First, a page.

from the habitation of man ; silence reigns There exists a tradition, that in former here, broken only by the murmur of the times the Indian Well was unfathomable, stream falling from the precipice above. and that it was once sounded to the depth It is a “ still small voice” which lulls the of some one hundred and fifty feet without visitor into quiet and thoughtful repose. finding bottom.
The far-famed fountain of Egeria is not The illustration which I present, of the a lovelier spot; but tradition has clothed confluence of the Naugatuck with the that classic ruin with especial interest as Housatonic, was sketched from near the the scene where Numa met his shadowy bridge over the Naugatuck, at Derby. counselor ; a legend that has been ac- The Naugatuck appears on the left, the knowledged one of the most genuine flow- Housatonic on the right. The picturesque ers of poetry that ever started from the edifice which is the most prominent in this hard rock of the Roman mind. But the cut, was built about the close of the war Indian Well, like many other enchanting of the Revolution, by Leman Stone, Esq., spots in our new country, has yet to be and was occupied as a store-house. The clothed with legendary interest, although name of this gentleman is conspicuous a greater number of ages are doubtless al- | among those interested in the commerce ready its dower.
of Derby in her palmy days.
In the year 1806, a company was in- 1753. There can be no question that corporated here, under the name of the General Hull exhibited bravery, and was “Derby Fishing Company," with a capital a useful officer of the Revolutionary war. of one hundred thousand dollars. As ear- He graduated with credit at Yale College, ly as 1809 a bank was established at after which, in accordance with the wishes Derby.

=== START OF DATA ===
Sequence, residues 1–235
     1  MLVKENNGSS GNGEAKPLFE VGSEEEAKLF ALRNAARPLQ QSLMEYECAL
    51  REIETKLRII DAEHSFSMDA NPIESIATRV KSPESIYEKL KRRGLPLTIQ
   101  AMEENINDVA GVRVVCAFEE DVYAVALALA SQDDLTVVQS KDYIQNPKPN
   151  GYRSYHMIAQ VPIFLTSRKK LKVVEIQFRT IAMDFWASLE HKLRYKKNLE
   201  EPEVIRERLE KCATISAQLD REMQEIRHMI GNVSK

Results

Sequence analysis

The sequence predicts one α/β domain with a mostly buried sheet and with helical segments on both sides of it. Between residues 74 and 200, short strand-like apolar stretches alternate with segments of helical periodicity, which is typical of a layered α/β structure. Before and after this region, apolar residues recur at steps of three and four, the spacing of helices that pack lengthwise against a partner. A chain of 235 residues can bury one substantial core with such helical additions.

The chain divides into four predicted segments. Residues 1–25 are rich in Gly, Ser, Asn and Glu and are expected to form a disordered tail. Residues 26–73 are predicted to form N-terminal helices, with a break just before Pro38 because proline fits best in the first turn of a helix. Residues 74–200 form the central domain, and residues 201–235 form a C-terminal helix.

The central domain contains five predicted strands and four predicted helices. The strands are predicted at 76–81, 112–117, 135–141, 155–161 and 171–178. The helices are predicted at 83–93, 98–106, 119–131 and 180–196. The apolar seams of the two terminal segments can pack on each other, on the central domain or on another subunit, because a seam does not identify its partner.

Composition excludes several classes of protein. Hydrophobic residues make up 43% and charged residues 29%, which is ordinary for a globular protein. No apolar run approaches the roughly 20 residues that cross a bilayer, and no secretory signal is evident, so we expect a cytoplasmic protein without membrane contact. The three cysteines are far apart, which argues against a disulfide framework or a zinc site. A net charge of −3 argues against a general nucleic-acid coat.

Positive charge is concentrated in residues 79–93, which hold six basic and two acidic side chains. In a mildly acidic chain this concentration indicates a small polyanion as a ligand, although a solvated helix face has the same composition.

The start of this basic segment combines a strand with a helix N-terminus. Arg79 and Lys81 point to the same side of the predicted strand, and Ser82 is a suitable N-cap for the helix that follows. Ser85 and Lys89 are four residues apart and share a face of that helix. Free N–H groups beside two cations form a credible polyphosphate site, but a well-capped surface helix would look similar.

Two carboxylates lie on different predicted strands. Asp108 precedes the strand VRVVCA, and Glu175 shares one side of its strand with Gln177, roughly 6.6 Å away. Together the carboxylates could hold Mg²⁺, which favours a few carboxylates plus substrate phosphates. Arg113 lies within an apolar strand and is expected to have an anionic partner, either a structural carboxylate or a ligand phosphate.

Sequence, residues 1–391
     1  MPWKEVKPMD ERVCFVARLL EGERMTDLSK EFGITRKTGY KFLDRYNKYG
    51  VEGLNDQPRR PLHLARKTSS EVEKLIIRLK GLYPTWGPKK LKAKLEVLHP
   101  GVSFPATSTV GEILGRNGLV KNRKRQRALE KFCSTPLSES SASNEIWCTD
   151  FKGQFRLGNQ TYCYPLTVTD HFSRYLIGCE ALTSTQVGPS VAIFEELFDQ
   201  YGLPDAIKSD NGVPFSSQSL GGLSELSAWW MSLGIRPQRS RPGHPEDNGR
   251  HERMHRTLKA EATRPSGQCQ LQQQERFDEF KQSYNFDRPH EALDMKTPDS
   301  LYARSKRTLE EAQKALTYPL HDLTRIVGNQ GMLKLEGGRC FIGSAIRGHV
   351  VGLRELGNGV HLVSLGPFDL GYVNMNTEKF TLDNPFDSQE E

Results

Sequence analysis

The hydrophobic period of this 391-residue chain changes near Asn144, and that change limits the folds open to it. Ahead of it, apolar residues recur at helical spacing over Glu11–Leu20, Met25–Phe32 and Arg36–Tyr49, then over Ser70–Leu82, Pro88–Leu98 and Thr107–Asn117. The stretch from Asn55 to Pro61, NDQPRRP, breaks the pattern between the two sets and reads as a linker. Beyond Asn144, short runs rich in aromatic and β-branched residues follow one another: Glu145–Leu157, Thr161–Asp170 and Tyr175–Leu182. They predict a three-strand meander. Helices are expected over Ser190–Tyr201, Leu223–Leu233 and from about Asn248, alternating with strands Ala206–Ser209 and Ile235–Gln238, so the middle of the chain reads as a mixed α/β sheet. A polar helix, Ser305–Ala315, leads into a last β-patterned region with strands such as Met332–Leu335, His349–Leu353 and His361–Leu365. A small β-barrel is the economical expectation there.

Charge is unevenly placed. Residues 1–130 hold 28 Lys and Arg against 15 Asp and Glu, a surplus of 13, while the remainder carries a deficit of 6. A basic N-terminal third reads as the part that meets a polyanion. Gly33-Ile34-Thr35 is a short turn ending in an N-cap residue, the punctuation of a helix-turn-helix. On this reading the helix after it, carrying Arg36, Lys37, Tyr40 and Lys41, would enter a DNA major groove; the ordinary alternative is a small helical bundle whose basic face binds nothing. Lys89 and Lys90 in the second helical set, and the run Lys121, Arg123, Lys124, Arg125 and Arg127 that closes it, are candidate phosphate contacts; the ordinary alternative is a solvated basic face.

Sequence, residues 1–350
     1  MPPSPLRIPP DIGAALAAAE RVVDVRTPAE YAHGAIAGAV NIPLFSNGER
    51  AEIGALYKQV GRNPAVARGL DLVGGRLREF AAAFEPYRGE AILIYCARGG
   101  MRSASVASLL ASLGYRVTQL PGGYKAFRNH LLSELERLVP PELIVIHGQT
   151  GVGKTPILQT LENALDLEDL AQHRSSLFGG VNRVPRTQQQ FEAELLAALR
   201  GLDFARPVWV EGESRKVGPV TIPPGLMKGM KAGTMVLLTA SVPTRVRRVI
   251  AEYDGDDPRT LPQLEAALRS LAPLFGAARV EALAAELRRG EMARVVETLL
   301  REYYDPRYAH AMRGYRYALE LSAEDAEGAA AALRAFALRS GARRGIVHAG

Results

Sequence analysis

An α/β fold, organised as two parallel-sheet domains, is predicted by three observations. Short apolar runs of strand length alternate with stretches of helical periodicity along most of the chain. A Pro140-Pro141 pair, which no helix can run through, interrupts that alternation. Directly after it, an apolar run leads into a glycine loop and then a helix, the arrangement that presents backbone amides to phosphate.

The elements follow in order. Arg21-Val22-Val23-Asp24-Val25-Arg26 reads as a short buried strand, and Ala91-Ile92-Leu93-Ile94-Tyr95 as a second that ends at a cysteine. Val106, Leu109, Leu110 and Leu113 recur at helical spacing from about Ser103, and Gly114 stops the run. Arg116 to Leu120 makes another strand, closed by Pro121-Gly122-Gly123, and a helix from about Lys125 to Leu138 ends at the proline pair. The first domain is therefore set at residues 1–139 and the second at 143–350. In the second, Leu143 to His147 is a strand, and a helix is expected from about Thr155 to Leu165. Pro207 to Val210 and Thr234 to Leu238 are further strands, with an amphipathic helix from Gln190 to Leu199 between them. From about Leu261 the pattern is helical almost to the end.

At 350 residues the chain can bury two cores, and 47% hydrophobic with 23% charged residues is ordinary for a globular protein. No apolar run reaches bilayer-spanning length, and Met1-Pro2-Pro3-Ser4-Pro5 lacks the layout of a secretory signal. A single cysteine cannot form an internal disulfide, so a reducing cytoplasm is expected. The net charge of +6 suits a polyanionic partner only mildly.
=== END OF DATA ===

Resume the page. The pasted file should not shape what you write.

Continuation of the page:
of his parents, he devoted himself to the The village of Birmingham was com- study of divinity,“ rather from motives of menced in 1834, by Sheldon Smith, Esq., filial affection (says his biographer) than and was originally called Smithville. Sub- from a conviction of religious duty." He sequently, Mr. Smith disposed of a con- studied for a year with Doctor Wales, subsiderable portion of his interest here to sequently professor of theology in Yale Anson G. Phelps, Esq. ; the name was College ; after this, he determined to then changed to Birmingham.
change his profession, and attached himGeneral William Hull, governor of self to the celebrated Law School at LitchMichigan, was born at Derby, 24th June, field, and was admitted to the bar in 1775.
At this period the war with Great | terminated fatally. He left a handsome Britain absorbed the public attention. One property to his family, but William is said evening, after a meeting of the citizens to have declined any portion of it. “I of Derby, his father returned home, and want only my sword and uniform," said said to his son, "Who do you suppose he; and thus he left the paternal abode to has been elected captain of the company enter into the service of his country. raised in this town ?" The young man Many interesting facts are related of named several. His father replied, “ It General Hull's services during the war of is yourself.” Mr. Hull at once accepted the Revolution. the appointment, so unexpectedly offered In 1805 he was appointed Governor of by his townsmen, and soon placed himself Michigan Territory, in which office he was in readiness to join the regiment of Colonel succeeded by Lewis Cass in 1814. At Webb, at that time being raised in the the beginning of the late war with Great state. His father was immediately after Britain, he was requested to command this seized with a severe illness, which the Northwestern army; he surrendered